editing

I’m at that crucial juncture where I’ve got more than half a book done and I need serious input from my editor, except I can’t ask her. My experience has been that it’s a very bad idea to get the editor involved at a crucial juncture, no matter how much you might actually need her. Because the editor is the one who bought the book; s/he went to the editorial board and publisher and pitched the book you wrote, sold them on it, fought for the money, and presented the package to you (or better said, to your agent). So the editor has a vested interest in the book, and cannot be objective. It’s also just plain hard to send a half manuscript to somebody who has ventured their reputation on your ability to write the damn thing when you’re feeling fragile.

Here’s what the cover letter would look like:

Dear Editor:Why did I ever think I could write this book? Better asked, why did you think I could? Because here I am more than half way through it and nothing seems right. The characters strike me as insipid and unbelievable, the plot sucks, and I can’t write a harmonious sentence to save my life. Obviously I’m done writing, forever.

PS thanks for the great advance.

Possible responses, as I imagine them:

Dear Writer: Crickey, you’re right. It is crap. I see no hope. Send back the advance, today. With 5% interest.

Dear Writer: This is the most beautifully written, funniest, most insightful and moving piece of fiction I’ve ever come across. It’s finished. Here’s a million dollar bonus and a first class plane ticket to come to Manhattan so we can celebrate.

Dear Writer: It needs more (sex/violence/insight/character development); now don’t bother me until you fix it.

Dear Writer: Stop whining and get back to work.

None of this is what I want to hear, really. There’s no editor in the world who can tell me what I need to hear, which is something along these lines:

Dear Writer: Breathe deep. You’ve done this before. You’ve done this many times before. You can do it again. I’m not going to read what you sent because you’re not really ready for me to read it, are you? I thought not. I have total faith in your ability to pull this off. What you need right now is a massage, and an afternoon with a good book and a box of chocolate. Tomorrow you’ll look at this manuscript and know what’s right and, if anything, what needs to be fixed. It will all happen. And if not, you have two advanced degrees and lots of other interests, right?

Towards the end there my inner demon editor got hold of the keyboard again, but that’s the general idea. In a nutshell: you’re alone when you write, and you have to live with it. Pardon me while I go try to gather my senses and see if we have any chocolate in the house.

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6 Replies to “editing”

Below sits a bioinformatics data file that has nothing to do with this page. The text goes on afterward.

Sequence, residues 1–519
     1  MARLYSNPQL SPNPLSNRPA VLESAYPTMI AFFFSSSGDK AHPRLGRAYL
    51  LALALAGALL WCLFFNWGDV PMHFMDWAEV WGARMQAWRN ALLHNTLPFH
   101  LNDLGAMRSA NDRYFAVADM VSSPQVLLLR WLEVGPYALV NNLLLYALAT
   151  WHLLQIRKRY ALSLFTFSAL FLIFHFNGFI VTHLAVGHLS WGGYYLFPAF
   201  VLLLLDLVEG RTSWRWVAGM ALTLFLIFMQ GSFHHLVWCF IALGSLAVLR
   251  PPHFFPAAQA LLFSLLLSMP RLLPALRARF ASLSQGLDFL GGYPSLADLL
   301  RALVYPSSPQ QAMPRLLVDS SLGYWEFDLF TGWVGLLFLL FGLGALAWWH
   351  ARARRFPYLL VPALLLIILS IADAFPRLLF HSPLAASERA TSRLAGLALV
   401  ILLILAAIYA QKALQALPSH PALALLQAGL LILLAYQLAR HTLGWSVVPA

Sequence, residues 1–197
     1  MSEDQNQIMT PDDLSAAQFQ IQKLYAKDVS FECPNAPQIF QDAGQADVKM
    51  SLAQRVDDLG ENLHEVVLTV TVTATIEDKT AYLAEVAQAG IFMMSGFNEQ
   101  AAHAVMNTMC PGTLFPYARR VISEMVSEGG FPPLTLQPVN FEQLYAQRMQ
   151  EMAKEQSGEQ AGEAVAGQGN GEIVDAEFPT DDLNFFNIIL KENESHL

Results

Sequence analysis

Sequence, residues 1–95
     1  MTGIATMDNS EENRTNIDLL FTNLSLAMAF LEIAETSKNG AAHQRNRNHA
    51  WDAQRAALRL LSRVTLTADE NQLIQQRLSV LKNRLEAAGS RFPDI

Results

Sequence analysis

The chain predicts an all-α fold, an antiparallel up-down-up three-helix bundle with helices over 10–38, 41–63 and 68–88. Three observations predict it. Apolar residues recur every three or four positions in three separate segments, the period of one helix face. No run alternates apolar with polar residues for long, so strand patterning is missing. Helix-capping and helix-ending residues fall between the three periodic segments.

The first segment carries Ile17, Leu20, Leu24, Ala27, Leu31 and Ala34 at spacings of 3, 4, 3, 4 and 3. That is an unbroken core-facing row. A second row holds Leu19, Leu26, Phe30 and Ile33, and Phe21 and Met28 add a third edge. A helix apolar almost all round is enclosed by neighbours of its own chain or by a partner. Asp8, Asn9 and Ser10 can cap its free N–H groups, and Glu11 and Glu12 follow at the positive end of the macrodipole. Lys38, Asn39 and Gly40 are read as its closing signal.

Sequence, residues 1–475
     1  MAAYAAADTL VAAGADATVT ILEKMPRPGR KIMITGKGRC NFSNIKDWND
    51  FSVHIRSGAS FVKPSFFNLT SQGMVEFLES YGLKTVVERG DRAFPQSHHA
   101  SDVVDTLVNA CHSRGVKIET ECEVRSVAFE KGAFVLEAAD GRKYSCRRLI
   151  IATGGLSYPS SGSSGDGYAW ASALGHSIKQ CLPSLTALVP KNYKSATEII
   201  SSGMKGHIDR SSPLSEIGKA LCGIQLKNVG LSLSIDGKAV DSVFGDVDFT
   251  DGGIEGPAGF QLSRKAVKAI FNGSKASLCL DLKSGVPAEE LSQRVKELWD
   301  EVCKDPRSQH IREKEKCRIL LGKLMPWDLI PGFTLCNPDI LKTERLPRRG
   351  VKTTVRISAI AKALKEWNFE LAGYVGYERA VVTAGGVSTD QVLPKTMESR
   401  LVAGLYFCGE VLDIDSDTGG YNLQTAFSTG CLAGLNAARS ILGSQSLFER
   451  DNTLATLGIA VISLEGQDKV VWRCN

1. Dear Sara,

    Breathe deep. You’ve done this before. You’ve done this many times before. You can do it again. I have total faith in your ability to pull this off. What you need right now is a massage, and an afternoon with a good book (might I suggest Into the Wilderness?) and a box of chocolate. Tomorrow you’ll look at this manuscript and know what’s right and, if anything, what needs to be fixed. It will all happen.

    Hope this helped.

    Callie ;-)

  2. You are not REALLY alone. We are always with you. Just picture us standing there, smiling at you. We’ll love the story, the witty banter, the struggles and the passion. You can’t lose with more passion.

  3. Not only are you a good writer, but you have trained good writers. Or so I flatter myself to believe. You have done this before and, as you have told many students over the years, the main trick to doing it is just to do it. I have every confidence that this tenet will assert itself and you will be victorious over the mid-novel panic attack.

    Nice to see you’re blogging.

    By the way? You once chastised me for mocking British cooking without every having tried any. Well, I finally went to Great Britain and can now say with complete authority that the food is, generally speaking, every inch as bad as I’d always heard it was. Though some of the nicer sit-down restaurants in Scotland were positively brilliant.

    (Who am I? Hint: tallish, attended some of your classes in 1998-99, moved to Seattle after and enrolled at the UW.)

  4. You know I’m not a sentimental person, generally. Really. But it means a great deal to me to hear from former students, even those with obviously compromised taste in food. How is UW treating you? And to be sure I’ve got the right person, are you still writing sci fi?

    To Zelda and Callie — many thanks, you are very kind.

  5. You have the right person, but I’m no longer writing sci-fi. I’ve gone over to creative nonfiction, in what I like to think of as a shameless attempt to trade on the sensationally marketable tragedies of my childhood. It’s actually going somewhat better than I’d anticipated. Otherwise, the UW and I parted ways some years back– me with my sheepskin in hand, them with a stack of tuition money and some memories that will no doubt haunt them until the end of their days. Seriously though– how you can go from Pacific Northwest fish and chips (robust, thick, crisply breaded) to that business they push in the UK (sodden, flat, thinly breaded) and continue to defend Anglo cuisine in general is really beyond me.

  6. I would recommend the chocolate definitely (cadbury or dove), the afternoon with the good book, a long, leisurely walk while listening to some inspiring refreshing music (Beethoven’s sixth symphony perhaps?) and the knowledge that there are literally legions of fans out there who respect and enjoy your writing!

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